Here’s one you probably havent seen before: The Super Neck Developer from World Sporting Goods, circa the mid-1970’s. This device did not use a weight stack or any kind of weight at all, a friction brake provided the resistance. As such, given the angles, and the fact that gravity was no longer a limitation, this provided some interesting possibilities, as you can see. This machine was marketed to football coaches for the purpose of having their players strengthen their necks to lower the frequency and severity of concussions. Amazingly, over four decades later, neck machines are seldom found in many college weight rooms.
The Nautilus Rotary Neck Machine contains no weight stack, no built in source of resistance of any kind … instead, the resistance is provided by the user through the use of hand levers that enable you to exactly control the resistance during both the positive and negative parts of the exercise. There aren’t many Rotary Neck Machines around but we happen to have one in our private gym and when used correctly, it is excellent. We may do a feature on it at some point.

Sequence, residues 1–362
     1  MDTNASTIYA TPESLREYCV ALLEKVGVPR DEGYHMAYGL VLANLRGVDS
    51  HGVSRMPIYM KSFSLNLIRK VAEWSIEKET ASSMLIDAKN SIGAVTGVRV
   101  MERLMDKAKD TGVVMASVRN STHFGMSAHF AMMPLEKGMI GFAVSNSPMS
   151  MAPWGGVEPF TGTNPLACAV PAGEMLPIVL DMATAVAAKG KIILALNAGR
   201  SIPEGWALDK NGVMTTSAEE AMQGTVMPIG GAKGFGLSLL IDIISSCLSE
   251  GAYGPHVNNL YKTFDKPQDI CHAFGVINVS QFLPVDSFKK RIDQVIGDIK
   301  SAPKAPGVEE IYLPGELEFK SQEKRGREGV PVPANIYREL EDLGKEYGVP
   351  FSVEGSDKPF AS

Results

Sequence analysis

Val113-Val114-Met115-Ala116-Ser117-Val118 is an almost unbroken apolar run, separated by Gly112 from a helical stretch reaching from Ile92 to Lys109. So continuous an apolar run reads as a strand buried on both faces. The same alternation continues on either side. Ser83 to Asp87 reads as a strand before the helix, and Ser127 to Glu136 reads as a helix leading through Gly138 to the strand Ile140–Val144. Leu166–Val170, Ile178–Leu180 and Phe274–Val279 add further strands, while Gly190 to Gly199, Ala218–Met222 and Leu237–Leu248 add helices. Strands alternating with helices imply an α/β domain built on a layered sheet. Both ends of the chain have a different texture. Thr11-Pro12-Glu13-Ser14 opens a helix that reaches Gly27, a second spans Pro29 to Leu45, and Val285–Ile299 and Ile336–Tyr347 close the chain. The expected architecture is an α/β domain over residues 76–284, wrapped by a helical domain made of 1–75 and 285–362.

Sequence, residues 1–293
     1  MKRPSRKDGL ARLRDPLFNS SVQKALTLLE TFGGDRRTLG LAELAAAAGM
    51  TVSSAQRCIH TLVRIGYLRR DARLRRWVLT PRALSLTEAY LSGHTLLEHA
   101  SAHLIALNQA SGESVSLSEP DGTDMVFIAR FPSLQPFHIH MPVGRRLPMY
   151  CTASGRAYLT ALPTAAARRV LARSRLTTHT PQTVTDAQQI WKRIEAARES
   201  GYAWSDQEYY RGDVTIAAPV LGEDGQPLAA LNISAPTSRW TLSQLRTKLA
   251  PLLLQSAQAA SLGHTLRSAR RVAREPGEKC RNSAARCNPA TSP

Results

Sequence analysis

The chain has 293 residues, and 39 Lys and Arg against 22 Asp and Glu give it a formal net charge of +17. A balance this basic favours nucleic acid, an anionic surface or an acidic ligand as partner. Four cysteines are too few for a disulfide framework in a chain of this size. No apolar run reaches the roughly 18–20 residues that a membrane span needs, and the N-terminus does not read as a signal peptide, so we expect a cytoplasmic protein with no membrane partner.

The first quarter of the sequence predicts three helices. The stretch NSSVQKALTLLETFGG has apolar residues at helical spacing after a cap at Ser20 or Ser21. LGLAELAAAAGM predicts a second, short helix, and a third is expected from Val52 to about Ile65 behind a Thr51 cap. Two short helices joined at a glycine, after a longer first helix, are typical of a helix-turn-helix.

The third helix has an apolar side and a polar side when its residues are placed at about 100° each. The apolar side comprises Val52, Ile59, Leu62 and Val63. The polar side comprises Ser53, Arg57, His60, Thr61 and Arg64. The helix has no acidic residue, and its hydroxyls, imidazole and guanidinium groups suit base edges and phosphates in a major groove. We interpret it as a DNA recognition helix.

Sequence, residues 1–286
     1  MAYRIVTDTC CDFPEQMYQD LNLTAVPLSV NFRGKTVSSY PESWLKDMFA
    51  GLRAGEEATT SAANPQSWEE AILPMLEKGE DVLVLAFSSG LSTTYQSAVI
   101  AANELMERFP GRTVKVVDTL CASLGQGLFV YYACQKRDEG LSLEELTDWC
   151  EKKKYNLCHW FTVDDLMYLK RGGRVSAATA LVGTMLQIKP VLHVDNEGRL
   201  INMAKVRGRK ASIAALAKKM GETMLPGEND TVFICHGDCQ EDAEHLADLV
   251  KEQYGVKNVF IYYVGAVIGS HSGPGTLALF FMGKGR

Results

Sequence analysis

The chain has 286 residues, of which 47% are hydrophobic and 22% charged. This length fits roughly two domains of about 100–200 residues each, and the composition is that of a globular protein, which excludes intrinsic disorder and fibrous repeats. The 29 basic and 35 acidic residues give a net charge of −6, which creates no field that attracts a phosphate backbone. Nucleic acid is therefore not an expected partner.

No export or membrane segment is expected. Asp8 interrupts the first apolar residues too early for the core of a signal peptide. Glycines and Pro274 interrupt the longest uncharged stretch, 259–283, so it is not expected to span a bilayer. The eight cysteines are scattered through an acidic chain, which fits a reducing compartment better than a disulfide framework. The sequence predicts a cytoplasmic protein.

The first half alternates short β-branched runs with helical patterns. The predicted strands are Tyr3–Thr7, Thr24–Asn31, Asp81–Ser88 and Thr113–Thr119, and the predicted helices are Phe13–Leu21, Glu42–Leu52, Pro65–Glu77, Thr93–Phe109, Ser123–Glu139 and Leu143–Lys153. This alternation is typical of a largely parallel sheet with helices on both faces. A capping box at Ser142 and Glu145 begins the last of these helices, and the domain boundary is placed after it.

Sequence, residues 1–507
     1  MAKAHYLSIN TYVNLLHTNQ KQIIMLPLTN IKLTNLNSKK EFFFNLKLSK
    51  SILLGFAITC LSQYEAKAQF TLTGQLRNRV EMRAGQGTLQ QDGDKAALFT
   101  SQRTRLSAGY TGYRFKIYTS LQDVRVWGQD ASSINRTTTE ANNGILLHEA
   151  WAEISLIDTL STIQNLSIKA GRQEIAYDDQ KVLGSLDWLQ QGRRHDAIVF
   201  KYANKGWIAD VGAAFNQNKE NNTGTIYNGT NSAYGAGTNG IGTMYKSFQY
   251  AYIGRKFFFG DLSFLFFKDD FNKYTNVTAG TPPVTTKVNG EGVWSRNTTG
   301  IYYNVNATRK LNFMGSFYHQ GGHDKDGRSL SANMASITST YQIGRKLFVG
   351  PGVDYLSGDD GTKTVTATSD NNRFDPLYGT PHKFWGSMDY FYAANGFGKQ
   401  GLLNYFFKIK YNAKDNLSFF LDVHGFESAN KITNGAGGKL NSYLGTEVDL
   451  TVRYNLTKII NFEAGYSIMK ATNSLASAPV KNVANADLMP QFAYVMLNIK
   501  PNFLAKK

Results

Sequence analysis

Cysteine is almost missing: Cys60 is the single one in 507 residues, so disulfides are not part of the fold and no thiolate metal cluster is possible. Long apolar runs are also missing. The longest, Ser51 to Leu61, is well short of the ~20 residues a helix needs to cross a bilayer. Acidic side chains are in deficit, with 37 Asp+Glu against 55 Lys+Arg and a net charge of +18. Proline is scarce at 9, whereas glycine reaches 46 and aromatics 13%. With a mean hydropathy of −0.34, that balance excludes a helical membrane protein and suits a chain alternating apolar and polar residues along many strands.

Everyone should train their neck, but neck strength is especially important if you play football. The Hammer Strength neck machine is the best one I have ever used — and I’ve tried ’em all.
Use this machine strictly with no monkey business and you’ll go up a few collar sizes in no time. I recently got one from a local high school who said they were getting rid of it because “they didn’t need it any more” ~ oh brother.